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Taos Pueblo, Taos, NM

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At the base of the majestic Sangre de Cristo Mountains, this multistoried compound, a National Historic Landmark, is one of the country’s best-preserved (and continuously inhabited) Pueblo Indian settlements, built before 1400. Its ceremonial buildings and individual homes are built from adobe—bricks made from earth mixed with straw and water—and connected as if a single dwelling. While the homes share walls, they are not connected on the interior, and per tribal tradition, do not have electricity or running water. —Lyndsey Matthews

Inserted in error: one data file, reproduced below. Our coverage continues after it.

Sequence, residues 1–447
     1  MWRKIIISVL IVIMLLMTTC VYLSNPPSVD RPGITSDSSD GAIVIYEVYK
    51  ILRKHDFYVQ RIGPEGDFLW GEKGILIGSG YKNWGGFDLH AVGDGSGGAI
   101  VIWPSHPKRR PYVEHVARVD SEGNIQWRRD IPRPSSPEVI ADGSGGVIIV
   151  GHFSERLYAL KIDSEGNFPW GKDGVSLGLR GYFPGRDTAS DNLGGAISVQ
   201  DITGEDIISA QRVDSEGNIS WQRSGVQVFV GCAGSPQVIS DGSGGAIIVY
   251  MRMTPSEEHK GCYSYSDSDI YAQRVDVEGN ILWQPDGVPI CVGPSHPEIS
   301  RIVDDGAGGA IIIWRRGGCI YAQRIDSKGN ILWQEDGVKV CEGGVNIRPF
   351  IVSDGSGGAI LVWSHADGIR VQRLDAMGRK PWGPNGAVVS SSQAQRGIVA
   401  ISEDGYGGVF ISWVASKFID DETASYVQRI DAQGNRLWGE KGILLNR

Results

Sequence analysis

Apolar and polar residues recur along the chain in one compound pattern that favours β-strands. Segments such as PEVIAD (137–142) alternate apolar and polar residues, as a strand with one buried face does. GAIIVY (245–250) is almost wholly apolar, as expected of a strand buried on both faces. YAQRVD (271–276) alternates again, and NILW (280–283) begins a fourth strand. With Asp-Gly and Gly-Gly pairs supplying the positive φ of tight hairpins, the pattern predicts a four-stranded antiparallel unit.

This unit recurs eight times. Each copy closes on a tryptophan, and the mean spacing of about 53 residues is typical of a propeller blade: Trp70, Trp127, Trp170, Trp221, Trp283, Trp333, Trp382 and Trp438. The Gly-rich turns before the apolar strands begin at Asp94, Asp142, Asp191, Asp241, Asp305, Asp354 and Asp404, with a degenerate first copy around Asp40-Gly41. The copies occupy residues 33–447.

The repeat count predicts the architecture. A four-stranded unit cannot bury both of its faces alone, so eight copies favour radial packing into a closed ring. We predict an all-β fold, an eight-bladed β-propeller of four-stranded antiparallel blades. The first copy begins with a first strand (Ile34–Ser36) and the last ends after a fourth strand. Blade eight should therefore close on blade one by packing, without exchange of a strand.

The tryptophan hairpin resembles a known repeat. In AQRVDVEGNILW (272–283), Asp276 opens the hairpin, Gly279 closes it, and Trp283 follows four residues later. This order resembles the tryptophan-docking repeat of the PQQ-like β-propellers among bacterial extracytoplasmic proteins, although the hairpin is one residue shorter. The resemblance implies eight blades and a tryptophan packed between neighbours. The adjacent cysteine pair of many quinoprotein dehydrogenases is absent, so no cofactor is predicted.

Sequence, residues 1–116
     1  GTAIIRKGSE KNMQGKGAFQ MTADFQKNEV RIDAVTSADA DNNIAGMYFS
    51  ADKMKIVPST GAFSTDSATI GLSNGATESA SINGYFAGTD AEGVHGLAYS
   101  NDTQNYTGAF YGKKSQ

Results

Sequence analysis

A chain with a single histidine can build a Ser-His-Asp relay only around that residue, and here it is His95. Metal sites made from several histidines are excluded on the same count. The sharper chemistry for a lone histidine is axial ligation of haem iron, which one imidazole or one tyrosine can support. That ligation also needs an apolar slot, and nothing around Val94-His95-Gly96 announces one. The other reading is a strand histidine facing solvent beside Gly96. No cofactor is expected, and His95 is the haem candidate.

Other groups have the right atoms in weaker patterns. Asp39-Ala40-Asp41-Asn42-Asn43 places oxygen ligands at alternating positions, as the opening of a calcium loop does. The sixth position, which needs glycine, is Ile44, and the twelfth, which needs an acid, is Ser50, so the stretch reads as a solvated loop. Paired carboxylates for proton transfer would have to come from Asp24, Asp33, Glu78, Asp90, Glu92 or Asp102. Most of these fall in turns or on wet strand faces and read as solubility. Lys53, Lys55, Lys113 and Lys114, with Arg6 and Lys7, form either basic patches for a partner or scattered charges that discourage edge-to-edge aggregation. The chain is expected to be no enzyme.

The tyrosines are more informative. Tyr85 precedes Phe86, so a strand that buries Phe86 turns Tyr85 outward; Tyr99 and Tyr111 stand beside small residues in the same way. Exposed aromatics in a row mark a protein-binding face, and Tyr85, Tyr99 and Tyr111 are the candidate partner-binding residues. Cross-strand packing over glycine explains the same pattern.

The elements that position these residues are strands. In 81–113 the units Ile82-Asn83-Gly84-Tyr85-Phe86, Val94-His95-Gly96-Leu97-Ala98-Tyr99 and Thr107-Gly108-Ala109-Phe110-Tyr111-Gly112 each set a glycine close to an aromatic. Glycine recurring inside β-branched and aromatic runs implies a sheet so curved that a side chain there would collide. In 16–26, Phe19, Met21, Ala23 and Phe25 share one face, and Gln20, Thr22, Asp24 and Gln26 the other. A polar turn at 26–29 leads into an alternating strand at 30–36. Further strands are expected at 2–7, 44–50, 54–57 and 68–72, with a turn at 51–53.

America's Coolest Houses

Taos Pueblo, Taos, NM

At the base of the majestic Sangre de Cristo Mountains, this multistoried compound, a National Historic Landmark, is one of the country’s best-preserved (and continuously inhabited) Pueblo Indian settlements, built before 1400. Its ceremonial buildings and individual homes are built from adobe—bricks made from earth mixed with straw and water—and connected as if a single dwelling. While the homes share walls, they are not connected on the interior, and per tribal tradition, do not have electricity or running water. —Lyndsey Matthews

Buddy Mays/Alamy

America's Coolest Houses

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